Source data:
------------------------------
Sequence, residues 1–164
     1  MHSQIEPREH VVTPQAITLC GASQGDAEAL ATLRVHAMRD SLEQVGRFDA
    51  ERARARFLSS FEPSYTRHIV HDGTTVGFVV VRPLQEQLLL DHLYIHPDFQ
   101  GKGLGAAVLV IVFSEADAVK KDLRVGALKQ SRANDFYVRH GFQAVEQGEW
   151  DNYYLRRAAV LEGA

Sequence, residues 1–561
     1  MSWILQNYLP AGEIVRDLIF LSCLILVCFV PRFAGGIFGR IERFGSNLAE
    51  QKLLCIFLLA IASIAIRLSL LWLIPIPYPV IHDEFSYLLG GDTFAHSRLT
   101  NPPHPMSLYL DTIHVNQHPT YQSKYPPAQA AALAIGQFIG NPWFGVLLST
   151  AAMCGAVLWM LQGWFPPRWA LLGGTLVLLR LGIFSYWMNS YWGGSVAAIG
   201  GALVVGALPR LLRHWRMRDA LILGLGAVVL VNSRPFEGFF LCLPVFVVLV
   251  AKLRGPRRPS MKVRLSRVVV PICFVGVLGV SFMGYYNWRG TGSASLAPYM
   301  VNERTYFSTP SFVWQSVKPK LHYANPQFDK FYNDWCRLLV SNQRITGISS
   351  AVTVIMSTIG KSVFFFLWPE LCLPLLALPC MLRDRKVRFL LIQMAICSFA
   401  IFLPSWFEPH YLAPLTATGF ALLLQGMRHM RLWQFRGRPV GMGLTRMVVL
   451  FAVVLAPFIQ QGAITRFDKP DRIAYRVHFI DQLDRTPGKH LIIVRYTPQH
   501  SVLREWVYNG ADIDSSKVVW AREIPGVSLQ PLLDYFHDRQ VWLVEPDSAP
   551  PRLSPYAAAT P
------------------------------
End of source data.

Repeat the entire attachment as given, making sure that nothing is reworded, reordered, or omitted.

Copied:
Sequence, residues 1–164
     1  MHSQIEPREH VVTPQAITLC GASQGDAEAL ATLRVHAMRD SLEQVGRFDA
    51  ERARARFLSS FEPSYTRHIV HDGTTVGFVV VRPLQEQLLL DHLYIHPDFQ
   101  GKGLGAAVLV IVFSEADAVK KDLRVGALKQ SRANDFYVRH GFQAVEQGEW
   151  DNYYLRRAAV LEGA

Sequence, residues 1–561
     1  MSWILQNYLP AGEIVRDLIF LSCLILVCFV PRFAGGIFGR IERFGSNLAE
    51  QKLLCIFLLA IASIAIRLSL LWLIPIPYPV IHDEFSYLLG GDTFAHSRLT
   101  NPPHPMSLYL DTIHVNQHPT YQSKYPPAQA AALAIGQFIG NPWFGVLLST
   151  AAMCGAVLWM LQGWFPPRWA LLGGTLVLLR LGIFSYWMNS YWGGSVAAIG
   201  GALVVGALPR LLRHWRMRDA LILGLGAVVL VNSRPFEGFF LCLPVFVVLV
   251  AKLRGPRRPS MKVRLSRVVV PICFVGVLGV SFMGYYNWRG TGSASLAPYM
   301  VNERTYFSTP SFVWQSVKPK LHYANPQFDK FYNDWCRLLV SNQRITGISS
   351  AVTVIMSTIG KSVFFFLWPE LCLPLLALPC MLRDRKVRFL LIQMAICSFA
   401  IFLPSWFEPH YLAPLTATGF ALLLQGMRHM RLWQFRGRPV GMGLTRMVVL
   451  FAVVLAPFIQ QGAITRFDKP DRIAYRVHFI DQLDRTPGKH LIIVRYTPQH
   501  SVLREWVYNG ADIDSSKVVW AREIPGVSLQ PLLDYFHDRQ VWLVEPDSAP
   551  PRLSPYAAAT P